Key point: The Royal Navy surprised the world with its new warship. Shortly thereafter, the new naval arms race was on.
Prior to the First World War, Great Britain was the dominant naval power in the world. As an island nation with a vast colonial empire, it had to be, and since the Napoleonic Wars, the British feared not only invasion but being cut off from that empire. Moreover, while fielding the only truly “professional army” in Europe, the British Army was far smaller in terms of the men it could mobilize compared to its longstanding rivals France and Russia.
This first appeared earlier and is being republished due to reader interest.
The Royal Navy sought to counterbalance the traditional military strengths of those nations with a “two power” standard at sea, whereby it had to feature enough powerful warships to stand up to what any allied coalition could throw at it.
It wasn’t simply enough to have the largest fleet; the Royal Navy needed the finest and most powerful warships. That fact became apparent in 1858 when France—a long rival of Great Britain—constructed La Gloire, the first large warship that combined an armored hull, steam propulsion and explosive shell-firing guns. The Royal Navy began a vigorous campaign to build modern ships and more of them.
Throughout the second half of the nineteenth century, the Royal Navy maintained a numerical advantage with some of the most powerful warships in the world.
Then in 1906, the HMS Dreadnought was launched. It featured an innovative battleship design, and by the time the First World War broke out in 1914, all major navies measured their strength by the number of Dreadnought battleships and battlecruisers in their respective fleets.
When John “Jackie” Fisher became First Sea Lord in 1905 he retired many of the Royal Navy’s older ships, as his vision centered on the battlecruiser—a ship that had the armament to destroy a foe and the speed to escape if necessary. The Admiralty saw the potential in such ships, but also called for a new class of battleship and that was the Dreadnought, which means “fear nothing.” This new warship would actually be the sixth to carry the moniker, but it truly changed everything.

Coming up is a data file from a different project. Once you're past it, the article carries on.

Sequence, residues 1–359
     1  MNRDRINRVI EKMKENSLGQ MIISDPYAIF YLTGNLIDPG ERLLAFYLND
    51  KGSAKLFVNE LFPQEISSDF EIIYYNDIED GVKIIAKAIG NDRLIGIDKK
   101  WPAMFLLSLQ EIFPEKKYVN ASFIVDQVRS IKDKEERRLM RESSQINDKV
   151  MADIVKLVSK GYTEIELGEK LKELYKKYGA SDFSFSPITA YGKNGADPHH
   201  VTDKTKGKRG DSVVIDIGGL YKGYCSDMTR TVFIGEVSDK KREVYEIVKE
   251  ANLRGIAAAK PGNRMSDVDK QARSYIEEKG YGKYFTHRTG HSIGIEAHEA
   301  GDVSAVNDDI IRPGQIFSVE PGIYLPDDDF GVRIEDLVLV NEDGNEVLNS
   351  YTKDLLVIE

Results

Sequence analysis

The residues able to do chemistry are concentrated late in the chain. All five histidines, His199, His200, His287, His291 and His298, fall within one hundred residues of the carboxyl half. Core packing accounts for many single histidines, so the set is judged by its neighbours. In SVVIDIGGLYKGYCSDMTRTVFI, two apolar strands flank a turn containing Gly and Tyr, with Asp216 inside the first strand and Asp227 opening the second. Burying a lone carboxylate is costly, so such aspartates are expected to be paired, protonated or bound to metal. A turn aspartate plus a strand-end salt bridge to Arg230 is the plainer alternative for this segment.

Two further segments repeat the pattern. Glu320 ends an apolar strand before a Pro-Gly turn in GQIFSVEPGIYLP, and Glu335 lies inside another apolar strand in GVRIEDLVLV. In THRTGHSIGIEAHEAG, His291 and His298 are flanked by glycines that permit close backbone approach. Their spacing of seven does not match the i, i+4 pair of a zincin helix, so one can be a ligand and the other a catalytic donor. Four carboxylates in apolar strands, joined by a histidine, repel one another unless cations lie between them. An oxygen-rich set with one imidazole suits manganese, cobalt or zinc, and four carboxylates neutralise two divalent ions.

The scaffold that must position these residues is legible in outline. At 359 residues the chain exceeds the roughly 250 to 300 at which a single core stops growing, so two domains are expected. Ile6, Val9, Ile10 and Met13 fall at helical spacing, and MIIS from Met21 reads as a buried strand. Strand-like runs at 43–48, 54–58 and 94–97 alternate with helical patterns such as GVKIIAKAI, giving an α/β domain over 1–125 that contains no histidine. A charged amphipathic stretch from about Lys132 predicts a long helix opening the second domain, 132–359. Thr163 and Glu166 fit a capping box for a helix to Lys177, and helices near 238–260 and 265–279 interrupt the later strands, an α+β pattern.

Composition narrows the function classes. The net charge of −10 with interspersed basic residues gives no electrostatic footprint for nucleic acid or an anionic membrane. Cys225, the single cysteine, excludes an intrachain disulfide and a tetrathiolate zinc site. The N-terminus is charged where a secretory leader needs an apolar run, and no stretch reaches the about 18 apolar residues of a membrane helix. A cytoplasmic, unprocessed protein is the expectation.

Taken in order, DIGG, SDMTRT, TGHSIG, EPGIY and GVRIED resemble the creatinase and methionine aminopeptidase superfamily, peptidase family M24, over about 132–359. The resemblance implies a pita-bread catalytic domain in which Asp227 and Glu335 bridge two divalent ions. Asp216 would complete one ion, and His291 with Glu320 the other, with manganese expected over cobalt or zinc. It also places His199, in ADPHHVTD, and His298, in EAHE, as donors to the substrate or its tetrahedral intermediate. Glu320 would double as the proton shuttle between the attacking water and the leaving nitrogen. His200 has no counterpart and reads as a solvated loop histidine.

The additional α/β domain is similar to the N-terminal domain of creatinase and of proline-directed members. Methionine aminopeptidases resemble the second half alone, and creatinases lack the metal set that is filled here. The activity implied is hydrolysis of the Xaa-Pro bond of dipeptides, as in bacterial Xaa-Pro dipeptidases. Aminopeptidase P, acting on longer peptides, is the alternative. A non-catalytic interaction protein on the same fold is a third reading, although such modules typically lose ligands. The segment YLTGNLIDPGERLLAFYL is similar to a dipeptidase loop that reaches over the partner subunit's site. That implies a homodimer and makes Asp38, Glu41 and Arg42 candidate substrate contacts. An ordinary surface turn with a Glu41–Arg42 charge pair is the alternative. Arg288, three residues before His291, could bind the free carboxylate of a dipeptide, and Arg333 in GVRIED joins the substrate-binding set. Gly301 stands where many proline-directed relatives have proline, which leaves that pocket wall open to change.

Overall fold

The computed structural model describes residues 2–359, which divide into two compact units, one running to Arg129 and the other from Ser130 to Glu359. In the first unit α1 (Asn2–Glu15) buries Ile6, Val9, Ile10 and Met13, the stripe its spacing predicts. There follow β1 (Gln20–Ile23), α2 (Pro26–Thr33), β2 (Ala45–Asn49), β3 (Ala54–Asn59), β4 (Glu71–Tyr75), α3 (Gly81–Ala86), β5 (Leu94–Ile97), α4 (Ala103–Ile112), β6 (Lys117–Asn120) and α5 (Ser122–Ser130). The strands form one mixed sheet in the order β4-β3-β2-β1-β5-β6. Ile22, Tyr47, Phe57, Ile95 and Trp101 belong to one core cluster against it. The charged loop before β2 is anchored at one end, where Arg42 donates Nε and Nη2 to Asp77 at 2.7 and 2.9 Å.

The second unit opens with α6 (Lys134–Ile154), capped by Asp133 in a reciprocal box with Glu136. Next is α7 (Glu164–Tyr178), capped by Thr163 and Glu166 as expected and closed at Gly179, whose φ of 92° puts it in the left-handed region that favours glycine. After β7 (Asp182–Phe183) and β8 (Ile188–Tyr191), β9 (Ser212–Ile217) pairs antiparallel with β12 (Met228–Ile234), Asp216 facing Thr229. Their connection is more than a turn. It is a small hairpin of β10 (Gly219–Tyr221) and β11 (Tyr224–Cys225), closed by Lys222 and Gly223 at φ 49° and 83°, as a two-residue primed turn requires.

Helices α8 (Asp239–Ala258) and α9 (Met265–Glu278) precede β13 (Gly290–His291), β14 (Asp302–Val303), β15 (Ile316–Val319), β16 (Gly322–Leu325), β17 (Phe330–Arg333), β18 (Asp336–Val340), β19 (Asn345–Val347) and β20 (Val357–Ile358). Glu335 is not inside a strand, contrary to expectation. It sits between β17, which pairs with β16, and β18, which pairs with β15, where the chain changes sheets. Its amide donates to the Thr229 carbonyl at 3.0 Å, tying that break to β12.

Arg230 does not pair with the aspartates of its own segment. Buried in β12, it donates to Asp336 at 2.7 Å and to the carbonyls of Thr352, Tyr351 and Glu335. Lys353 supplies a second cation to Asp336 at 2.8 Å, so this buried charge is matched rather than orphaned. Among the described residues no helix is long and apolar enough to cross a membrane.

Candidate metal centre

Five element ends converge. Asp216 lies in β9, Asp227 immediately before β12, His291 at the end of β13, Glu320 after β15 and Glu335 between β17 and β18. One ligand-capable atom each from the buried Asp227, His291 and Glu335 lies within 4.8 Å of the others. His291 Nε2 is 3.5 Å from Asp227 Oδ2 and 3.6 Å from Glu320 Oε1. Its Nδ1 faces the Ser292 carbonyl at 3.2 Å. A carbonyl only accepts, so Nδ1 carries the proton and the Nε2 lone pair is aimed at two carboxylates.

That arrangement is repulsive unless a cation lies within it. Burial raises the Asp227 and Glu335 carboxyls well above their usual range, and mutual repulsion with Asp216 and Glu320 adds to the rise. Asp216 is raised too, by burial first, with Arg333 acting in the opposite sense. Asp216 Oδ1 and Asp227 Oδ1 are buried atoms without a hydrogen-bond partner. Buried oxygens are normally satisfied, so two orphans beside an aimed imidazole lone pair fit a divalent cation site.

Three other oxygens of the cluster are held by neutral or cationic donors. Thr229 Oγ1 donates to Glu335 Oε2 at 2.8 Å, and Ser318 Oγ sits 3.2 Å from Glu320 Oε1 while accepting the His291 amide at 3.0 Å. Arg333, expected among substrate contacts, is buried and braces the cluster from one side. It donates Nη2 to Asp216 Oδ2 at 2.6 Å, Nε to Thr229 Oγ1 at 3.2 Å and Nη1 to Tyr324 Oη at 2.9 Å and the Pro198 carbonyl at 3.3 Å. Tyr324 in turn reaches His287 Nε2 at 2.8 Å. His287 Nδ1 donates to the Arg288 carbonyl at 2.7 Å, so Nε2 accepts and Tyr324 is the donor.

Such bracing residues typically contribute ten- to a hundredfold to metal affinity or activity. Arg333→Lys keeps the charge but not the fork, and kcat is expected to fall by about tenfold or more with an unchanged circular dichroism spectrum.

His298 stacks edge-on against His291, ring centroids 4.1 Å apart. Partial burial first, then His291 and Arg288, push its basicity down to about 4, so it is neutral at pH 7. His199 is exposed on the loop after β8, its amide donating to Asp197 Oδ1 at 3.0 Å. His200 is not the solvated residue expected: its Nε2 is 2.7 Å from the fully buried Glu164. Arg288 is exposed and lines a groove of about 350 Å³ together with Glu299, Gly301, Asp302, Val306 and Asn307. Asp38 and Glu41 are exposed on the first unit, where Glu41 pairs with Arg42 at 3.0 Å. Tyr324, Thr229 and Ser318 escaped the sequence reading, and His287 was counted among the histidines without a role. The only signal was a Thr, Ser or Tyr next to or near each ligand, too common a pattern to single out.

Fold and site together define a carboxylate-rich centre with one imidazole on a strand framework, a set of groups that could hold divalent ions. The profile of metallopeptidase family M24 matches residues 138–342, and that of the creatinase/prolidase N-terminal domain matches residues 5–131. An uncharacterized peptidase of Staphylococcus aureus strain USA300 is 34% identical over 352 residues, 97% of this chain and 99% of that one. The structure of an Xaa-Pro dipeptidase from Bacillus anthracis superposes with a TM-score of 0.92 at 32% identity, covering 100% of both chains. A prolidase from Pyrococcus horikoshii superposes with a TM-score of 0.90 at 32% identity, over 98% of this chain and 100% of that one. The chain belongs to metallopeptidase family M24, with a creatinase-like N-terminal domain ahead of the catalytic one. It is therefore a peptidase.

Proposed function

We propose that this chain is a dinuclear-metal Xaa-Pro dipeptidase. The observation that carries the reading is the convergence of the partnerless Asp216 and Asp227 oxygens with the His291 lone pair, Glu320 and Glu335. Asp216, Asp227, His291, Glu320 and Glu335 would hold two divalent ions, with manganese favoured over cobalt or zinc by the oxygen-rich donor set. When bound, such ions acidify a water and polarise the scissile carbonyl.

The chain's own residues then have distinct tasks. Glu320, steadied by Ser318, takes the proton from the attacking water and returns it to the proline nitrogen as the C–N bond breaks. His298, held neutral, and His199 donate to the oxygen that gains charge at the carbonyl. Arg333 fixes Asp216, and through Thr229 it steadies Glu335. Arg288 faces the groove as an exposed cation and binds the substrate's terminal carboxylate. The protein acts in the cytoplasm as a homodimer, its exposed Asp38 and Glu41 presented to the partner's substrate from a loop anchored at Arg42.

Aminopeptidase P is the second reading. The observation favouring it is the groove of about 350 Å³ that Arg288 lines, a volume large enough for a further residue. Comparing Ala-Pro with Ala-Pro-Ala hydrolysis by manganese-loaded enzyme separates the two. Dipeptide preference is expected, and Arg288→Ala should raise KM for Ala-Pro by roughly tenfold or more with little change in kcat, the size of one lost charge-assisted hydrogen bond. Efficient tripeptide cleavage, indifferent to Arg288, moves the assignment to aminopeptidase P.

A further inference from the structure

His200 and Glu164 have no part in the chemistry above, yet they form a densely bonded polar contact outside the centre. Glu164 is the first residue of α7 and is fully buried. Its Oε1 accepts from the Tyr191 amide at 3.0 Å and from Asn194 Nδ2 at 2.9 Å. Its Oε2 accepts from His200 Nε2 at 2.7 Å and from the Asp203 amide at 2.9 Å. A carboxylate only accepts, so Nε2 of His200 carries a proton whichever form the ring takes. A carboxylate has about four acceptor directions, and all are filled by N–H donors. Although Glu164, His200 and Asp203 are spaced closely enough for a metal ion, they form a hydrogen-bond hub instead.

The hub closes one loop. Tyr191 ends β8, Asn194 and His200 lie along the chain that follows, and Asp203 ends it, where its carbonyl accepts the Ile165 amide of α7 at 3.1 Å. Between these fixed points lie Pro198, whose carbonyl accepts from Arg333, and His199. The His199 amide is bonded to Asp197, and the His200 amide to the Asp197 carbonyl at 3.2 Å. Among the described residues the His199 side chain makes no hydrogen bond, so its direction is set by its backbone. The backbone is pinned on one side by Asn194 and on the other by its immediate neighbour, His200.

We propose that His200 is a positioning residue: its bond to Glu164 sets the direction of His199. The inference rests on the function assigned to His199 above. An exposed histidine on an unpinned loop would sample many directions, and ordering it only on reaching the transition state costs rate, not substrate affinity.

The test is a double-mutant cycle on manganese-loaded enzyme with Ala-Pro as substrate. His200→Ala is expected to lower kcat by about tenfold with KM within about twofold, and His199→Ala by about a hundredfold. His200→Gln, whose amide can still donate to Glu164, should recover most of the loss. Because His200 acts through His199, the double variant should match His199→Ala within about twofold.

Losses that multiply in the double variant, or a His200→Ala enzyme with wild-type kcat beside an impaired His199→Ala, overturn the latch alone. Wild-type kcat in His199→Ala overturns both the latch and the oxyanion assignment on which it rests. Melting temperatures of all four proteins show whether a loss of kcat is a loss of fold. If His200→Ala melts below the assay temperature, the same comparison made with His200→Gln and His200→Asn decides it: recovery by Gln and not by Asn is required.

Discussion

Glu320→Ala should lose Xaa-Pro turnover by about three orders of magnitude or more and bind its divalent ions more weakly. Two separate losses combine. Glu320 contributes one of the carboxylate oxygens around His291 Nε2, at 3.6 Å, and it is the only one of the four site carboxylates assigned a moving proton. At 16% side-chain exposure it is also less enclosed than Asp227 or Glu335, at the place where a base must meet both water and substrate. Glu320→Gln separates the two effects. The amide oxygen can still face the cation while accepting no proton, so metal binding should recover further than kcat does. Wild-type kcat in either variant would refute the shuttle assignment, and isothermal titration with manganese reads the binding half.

This new warship combined the “all-big-gun” armament, which included ten 12-inch guns, but was also quite speedy thanks to the new steam turbine engines. In addition to being well-armed, HMS Dreadnought featured redistributed armor to protect its guns, engines and magazines, while an innovative bulkhead structure in the interior made flood control easier, which increased her survivability.
The ship was so revolutionary that its name came to describe an entire class of battleships of the era—with the major all-big-gun warships built before her now described as “Pre-Dreadnought.” The British may have had the most powerful warship in the world, but only briefly.
The arrival of this new ship inspired a naval arms race—and while at her commissioning the Royal Navy possessed a lead of twenty-five first-class battleships over the fleets of foreign navy, with HMS Dreadnought the Royal Navy possessed just a lead of only one ship in the newest class. Instead of providing a technological advantage, it essentially leveled the playing field.
While the Royal Navy had a head start, navies around the world built more powerful warships and soon even Dreadnought was eclipsed by so-called “Super-Dreadnoughts.” By 1910, even Brazil had more powerful ships in its navy than HMS Dreadnought.
By the time war came in 1914, Great Britain “won” the naval arms race, but at a terrible cost. It changed the balance of power in Europe as the Anglo-German naval race heightened tensions between the two great powers. While Germany never really closed the gap and had just seventeen Dreadnought battleships and battlecruisers to the Royal Navy’s twenty-nine, the two navies only met in one major, yet far from decisive engagement at the Battle of Jutland on May 31, 1916.
After the war naval treaties limited the number of battleships navies could possess. Yet, the “all-big-gun” ships remained the Queen of the Seas through World War II, by which time the battleship was overshadowed by the aircraft carrier and Great Britain had lost its place as the world’s dominant naval power.
Peter Suciu is a Michigan-based writer who has contributed to more than four dozen magazines, newspapers and website. He is the author of several books on military headgear including A Gallery of Military Headdress, which is available on Amazon.com. This first appeared earlier and is being republished due to reader interest.